(10%) User needs: Tasks, scenarios, and references (~1,000 - 2,000 words)

This phase of the project lets you talk to representative users to understand their actual needs, and to describe tasks and a prioritized list of requirements.
  1. Follow the procedure described in the Appendix below. Write a report that describes each of the three steps.
  2. Provide annotated references (1-3 sentences for each) to a set of the key 8-12 academic papers, industrial reports, and web pages on your topic. Compare your work to existing products. I expect you to become very familiar with the topic you choose, to know about commercial products and academic research work in refereed conferences and journals. Look at www.acm.org/dl (free access from UMD IP addresses) and www.hcibib.org for published papers.


  • Page Length estimate is just to set a rough expectation of how long this would be if printed. Grading is not based on length.
  • NEW: Please describe who you talked in general terms (i.e., undergraduate female, restaurant owner, etc.) or how you generated the tasks. Do NOT include any personally identifying information about individuals you talked.
  • If you haven't already, change the link at Term Project to point to an overall project page that has one link for each phase of the project. I.e., when you turn this project in, there should be two links (one for the proposal, and one for the User Needs analysis).

Appendix: Methods for task analysis

Step 1. Generating a list of expected users, and an initial list of tasks.

Interview knowledgeable people about their real-world tasks and observe them doing their tasks. Your goal is to generate an initial list of concrete task descriptions. You may or may not be able to access your real clients in the short time available for this exercise. Consequently, each team should select the approach below that best fits their constraints and team membership.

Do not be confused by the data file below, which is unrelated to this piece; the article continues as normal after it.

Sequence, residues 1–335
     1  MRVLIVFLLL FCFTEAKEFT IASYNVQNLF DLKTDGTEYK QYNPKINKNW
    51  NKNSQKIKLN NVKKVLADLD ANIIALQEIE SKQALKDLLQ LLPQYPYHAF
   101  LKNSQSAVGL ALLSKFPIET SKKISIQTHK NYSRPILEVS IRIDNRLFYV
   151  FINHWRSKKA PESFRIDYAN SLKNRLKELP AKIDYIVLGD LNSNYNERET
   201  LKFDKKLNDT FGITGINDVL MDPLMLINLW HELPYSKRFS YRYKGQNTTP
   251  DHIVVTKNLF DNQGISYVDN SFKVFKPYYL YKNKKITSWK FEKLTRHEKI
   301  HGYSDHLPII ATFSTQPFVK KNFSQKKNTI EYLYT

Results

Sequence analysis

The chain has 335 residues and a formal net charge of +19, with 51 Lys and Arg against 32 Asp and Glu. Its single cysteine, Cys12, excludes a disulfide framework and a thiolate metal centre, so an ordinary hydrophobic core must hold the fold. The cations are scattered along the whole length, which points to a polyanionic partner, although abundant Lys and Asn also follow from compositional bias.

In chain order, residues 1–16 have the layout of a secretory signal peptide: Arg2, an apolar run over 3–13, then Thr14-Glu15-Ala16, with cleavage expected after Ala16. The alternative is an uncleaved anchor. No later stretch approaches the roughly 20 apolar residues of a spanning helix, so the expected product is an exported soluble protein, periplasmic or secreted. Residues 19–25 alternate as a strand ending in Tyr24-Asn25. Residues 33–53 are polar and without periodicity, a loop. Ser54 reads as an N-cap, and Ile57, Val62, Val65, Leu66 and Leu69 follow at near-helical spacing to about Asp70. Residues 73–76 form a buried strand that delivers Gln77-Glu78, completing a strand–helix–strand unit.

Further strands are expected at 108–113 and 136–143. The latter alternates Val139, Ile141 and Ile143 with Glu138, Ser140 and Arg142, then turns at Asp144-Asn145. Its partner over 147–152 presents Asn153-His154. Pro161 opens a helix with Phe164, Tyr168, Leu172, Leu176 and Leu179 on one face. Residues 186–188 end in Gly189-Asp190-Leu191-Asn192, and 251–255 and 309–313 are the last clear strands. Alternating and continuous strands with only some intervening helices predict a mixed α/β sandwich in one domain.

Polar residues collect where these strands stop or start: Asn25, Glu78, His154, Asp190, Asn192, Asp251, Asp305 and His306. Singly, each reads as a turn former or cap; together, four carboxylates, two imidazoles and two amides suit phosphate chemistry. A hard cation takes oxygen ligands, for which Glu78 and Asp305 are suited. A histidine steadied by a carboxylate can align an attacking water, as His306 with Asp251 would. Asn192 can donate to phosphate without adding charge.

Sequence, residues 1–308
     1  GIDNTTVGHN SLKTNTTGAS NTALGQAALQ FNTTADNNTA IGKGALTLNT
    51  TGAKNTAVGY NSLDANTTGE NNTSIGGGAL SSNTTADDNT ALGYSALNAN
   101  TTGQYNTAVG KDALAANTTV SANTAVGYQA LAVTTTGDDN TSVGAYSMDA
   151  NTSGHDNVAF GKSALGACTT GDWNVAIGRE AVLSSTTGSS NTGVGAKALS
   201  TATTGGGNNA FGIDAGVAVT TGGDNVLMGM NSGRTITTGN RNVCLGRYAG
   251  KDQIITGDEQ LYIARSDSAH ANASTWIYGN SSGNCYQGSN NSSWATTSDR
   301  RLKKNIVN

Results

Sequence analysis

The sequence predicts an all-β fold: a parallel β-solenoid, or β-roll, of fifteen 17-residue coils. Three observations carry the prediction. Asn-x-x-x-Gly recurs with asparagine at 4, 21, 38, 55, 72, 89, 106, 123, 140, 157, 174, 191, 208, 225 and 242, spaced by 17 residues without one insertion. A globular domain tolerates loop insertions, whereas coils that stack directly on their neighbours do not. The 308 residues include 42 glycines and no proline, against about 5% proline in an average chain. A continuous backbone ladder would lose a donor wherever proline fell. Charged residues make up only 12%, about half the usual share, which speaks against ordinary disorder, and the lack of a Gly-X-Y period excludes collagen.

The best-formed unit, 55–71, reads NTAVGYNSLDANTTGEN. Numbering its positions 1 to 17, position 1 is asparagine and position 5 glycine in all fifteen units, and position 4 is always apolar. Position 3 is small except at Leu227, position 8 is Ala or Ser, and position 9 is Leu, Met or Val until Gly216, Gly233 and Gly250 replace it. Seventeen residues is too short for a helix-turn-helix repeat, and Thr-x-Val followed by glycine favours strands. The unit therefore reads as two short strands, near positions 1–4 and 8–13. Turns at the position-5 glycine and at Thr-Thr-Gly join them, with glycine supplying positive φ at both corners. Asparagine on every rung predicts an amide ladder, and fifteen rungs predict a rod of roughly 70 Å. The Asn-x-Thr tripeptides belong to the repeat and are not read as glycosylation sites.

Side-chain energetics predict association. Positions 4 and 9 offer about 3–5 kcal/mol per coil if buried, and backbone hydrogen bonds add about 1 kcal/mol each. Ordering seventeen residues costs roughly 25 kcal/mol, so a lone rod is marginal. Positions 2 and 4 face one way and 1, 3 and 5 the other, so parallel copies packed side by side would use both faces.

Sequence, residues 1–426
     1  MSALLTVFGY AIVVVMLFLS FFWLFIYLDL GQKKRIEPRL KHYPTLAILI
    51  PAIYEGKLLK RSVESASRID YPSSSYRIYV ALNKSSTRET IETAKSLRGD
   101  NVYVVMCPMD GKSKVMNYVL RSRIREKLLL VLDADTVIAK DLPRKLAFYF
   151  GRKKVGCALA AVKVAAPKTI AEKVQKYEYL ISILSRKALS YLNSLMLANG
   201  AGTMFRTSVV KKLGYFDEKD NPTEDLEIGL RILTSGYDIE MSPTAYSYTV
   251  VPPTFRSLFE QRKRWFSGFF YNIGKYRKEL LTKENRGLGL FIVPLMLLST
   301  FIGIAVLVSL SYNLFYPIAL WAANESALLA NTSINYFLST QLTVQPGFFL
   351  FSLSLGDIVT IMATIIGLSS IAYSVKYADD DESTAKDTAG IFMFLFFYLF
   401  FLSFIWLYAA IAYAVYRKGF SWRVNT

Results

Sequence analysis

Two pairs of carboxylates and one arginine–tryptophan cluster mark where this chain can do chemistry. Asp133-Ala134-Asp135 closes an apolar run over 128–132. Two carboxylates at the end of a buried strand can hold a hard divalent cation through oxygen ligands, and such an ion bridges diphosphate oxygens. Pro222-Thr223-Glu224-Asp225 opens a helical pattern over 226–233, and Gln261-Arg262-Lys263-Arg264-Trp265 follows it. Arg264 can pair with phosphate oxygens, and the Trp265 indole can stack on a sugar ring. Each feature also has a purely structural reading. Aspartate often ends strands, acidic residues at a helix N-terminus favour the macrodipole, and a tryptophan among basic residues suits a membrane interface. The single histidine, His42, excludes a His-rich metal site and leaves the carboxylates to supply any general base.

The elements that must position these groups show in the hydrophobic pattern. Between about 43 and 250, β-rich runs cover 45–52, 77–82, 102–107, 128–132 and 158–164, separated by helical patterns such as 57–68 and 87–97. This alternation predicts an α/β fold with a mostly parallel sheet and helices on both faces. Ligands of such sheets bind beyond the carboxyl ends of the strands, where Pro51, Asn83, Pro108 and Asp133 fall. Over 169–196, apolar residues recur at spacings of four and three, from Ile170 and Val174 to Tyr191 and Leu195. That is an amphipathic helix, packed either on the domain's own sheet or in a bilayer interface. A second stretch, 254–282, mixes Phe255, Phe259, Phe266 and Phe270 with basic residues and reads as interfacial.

1. The ideal: Interviewing the client. Get in touch with current or potential users. These users may now be using paper methods, competing systems, or antiquated systems for doing their tasks. Interview them about why and how they do their work activities, and what they expect out of a system. Ideally, this interview will occur while you are observing them do their work activities. These interviews and observations will give you some contact with customers and give you a feel for the real situation. This is more important than you think, for it will make you realize that "the user" is not an abstract notion, but real people with real needs and concerns. It will help you put a face on the faceless, and will help you understand where they are coming from.
  2. A reasonable alternative: Interviewing the client representative. When you cannot get in direct contact with end-users, you can use customer representatives instead. These will be people who have the most knowledge of the clients' needs. Examples are help desk workers , or a worker's manager. However, it is crucial that the client representative has a deep and real (rather than idealized) understanding of what the workers actually do. People who work "in the trenches" with the staff are the best bet.
  3. When all else fails: Making your beliefs of the task space explicit. If you cannot get in touch with either real end-users or representatives, use your team members to articulate expected tasks. While this runs the risk of producing tasks that bear no relation to reality, at least you will get a diverse list of tasks out (because you have a diverse team), and it will put your beliefs and assumptions on the table. You can always show these to clients later, to see if these tasks indeed reflect what they do!